They operate in open space, juke defenders at full speed, absorb booming hits and try to score at all costs.

While that sounds like a job description for a running back or wide receiver, it also applies to a sport that is having more and more of a crossover impact on football in the Shore Conference – lacrosse. Look around the Shore and several key contributors for many teams also happen to be standouts on the lacrosse field in the spring. Their skill set translates favorably to the football field, making them threats all over the field, from wide receiver to defensive back to tight end to linebacker.

“It used to be that everyone played the big three (football, basketball, baseball), but now lacrosse is exploding in this area,’’ said Manasquan head coach Jay Price, who has several lacrosse players on his team. “It’s not just spatial awareness that translates, either. It’s all the little things like moving your feet, staying low and having good hand-eye coordination.’’

Manasquan running back Joe Murphy is one of several lacrosse stars making an impact in football.

One of Price’s top players, junior running back/linebacker Joe Murphy, grew up in Point Pleasant and moved to Manasquan just to play lacrosse because the two Point Pleasant high schools do not have lacrosse teams. The reason the Warriors even have him on the football team is because of lacrosse.

“The ability to make decisions very quickly is definitely the same,’’ said Murphy, who is a midfielder in lacrosse. “On the lacrosse field, I’m running the offense and I have several decisions I have to make very quickly depending on the defense. You also have to be explosive, and you have to be fast.’’

The crossover between football and lacrosse goes way back, as Hall of Fame running back Jim Brown was a lacrosse immortal at Syracuse in the 1950s before he went on to star for the Cleveland Browns. In the Shore Conference, however, the sport is barely a decade old, but is making its presence felt.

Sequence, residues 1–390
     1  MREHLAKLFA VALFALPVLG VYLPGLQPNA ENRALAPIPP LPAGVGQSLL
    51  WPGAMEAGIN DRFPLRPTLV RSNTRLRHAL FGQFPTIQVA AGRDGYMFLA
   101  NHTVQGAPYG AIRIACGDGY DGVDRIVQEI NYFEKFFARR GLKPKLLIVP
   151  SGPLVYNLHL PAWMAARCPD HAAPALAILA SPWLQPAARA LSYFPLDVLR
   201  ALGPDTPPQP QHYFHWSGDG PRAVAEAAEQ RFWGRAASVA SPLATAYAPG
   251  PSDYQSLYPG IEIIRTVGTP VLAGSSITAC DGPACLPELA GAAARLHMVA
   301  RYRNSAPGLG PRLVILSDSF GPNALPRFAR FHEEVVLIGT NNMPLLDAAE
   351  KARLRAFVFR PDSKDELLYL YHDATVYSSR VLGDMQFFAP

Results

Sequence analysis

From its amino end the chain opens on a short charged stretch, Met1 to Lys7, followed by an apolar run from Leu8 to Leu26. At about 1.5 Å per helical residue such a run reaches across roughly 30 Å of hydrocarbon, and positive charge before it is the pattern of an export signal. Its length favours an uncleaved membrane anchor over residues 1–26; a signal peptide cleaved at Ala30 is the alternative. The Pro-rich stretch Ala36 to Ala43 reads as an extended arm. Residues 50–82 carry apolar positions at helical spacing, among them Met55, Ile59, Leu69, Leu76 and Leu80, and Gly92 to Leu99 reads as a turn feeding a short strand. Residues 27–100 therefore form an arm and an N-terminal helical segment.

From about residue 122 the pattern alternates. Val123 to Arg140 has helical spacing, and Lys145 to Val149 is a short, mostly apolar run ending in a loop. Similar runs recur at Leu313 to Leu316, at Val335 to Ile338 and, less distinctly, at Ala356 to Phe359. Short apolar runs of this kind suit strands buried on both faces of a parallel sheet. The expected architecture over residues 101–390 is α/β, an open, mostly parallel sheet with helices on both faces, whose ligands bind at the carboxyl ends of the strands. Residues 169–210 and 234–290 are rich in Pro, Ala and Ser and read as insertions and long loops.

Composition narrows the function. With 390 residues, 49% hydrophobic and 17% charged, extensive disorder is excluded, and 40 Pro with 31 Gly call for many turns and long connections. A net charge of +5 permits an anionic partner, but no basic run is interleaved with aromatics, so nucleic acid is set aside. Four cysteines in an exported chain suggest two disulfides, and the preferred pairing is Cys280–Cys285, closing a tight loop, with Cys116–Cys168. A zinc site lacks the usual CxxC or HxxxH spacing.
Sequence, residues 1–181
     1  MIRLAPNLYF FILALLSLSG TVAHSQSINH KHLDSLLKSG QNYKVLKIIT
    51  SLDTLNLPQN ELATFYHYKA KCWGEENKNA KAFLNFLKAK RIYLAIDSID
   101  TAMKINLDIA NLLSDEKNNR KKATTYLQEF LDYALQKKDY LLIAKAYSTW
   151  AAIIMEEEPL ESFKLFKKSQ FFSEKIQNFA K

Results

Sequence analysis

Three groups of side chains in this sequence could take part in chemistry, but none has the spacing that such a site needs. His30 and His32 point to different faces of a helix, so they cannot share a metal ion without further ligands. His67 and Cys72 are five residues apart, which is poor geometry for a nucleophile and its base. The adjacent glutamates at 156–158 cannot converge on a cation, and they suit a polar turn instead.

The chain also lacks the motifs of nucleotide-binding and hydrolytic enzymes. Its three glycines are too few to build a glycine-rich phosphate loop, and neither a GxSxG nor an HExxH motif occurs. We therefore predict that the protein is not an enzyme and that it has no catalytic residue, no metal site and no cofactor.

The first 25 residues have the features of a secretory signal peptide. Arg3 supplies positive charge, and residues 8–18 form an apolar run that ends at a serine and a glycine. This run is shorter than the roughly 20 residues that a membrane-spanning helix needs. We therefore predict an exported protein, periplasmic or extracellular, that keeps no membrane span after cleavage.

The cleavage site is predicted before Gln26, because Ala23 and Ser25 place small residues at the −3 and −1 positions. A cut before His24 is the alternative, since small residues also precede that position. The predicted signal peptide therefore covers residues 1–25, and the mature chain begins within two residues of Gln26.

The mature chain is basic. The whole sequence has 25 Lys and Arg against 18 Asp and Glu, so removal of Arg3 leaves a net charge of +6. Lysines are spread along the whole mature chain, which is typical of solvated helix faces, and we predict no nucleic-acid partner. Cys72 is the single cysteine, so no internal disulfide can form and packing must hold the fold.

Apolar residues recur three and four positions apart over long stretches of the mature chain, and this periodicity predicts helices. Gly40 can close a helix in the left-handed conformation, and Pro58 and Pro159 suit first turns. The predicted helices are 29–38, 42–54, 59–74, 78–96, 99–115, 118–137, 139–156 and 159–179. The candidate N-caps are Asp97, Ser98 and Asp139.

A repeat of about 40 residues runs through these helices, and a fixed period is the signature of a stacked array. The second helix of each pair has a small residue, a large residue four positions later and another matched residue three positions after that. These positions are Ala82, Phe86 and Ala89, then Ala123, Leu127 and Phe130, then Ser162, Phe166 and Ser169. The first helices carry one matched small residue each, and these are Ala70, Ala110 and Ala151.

It used to be that newly-formed lacrosse teams at Shore Conference schools would try to recruit football players to fill out their rosters. Things are now starting to go in the other direction, as lacrosse players are being sought by football teams. Senior twins Nick and Mike Specht, a pair of lacrosse stars at Jackson Memorial, came out for the football team as seniors and have made an immediate impact as receivers and in the secondary.

“I can see the twins being great D-backs because they play great defense in lacrosse,’’ Murphy said.

The versatility of lacrosse players also comes in handy in football, like Holmdel being able to move do-it-all senior and lacrosse standout Robbie Cantelli to quarterback for the first time in high school and get better offensively. One of his top targets, Mark Scherzer, is another lacrosse player.

Rumson-Fair Haven, whose lacrosse team has won the last two Shore Conference Tournament titles, is populated with players who are standouts in both sports. Running back Conor Walsh, defensive back/kick returner Michael Clarke, defensive end Connor Phillips, linebacker J.T. Jennings, fullback Dylan Zohn and defensive back Chris Hubler are all Bulldogs starters who play lacrosse. Walsh, who is out for the season with a knee injury, has a scholarship to play lacrosse at Fairfield, and Clarke is headed to the University of Vermont.

“The biggest thing that we've noticed is that their instincts translate,’’ head coach Shane Fallon said. “They are aggressive, they play downhill, they have an attack mentality, and they’re not afraid of contact. We see so many parallels like making plays in open space, and understanding zone defense. When a play breaks down offensively or defensively, I think our kids’ instincts take over and a lot of that is just from lacrosse.’’